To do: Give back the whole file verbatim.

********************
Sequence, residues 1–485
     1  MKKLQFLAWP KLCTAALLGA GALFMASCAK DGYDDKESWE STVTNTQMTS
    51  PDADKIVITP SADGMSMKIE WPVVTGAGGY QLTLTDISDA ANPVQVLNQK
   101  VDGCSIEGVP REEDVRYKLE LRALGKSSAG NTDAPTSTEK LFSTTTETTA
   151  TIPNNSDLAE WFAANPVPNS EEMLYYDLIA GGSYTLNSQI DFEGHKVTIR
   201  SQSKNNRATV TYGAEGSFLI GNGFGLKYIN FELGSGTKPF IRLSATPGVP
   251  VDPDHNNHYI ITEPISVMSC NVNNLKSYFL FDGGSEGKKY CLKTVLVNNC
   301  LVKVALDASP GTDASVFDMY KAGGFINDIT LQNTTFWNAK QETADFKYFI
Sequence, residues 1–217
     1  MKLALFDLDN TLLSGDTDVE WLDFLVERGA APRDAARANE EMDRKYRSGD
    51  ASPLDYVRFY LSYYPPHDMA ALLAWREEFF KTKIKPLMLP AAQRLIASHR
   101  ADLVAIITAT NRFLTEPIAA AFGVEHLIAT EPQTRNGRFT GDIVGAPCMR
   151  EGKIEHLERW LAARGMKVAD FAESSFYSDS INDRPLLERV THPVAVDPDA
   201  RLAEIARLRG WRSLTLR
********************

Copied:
Sequence, residues 1–485
     1  MKKLQFLAWP KLCTAALLGA GALFMASCAK DGYDDKESWE STVTNTQMTS
    51  PDADKIVITP SADGMSMKIE WPVVTGAGGY QLTLTDISDA ANPVQVLNQK
   101  VDGCSIEGVP REEDVRYKLE LRALGKSSAG NTDAPTSTEK LFSTTTETTA
   151  TIPNNSDLAE WFAANPVPNS EEMLYYDLIA GGSYTLNSQI DFEGHKVTIR
   201  SQSKNNRATV TYGAEGSFLI GNGFGLKYIN FELGSGTKPF IRLSATPGVP
   251  VDPDHNNHYI ITEPISVMSC NVNNLKSYFL FDGGSEGKKY CLKTVLVNNC
   301  LVKVALDASP GTDASVFDMY KAGGFINDIT LQNTTFWNAK QETADFKYFI
Sequence, residues 1–217
     1  MKLALFDLDN TLLSGDTDVE WLDFLVERGA APRDAARANE EMDRKYRSGD
    51  ASPLDYVRFY LSYYPPHDMA ALLAWREEFF KTKIKPLMLP AAQRLIASHR
   101  ADLVAIITAT NRFLTEPIAA AFGVEHLIAT EPQTRNGRFT GDIVGAPCMR
   151  EGKIEHLERW LAARGMKVAD FAESSFYSDS INDRPLLERV THPVAVDPDA
   201  RLAEIARLRG WRSLTLR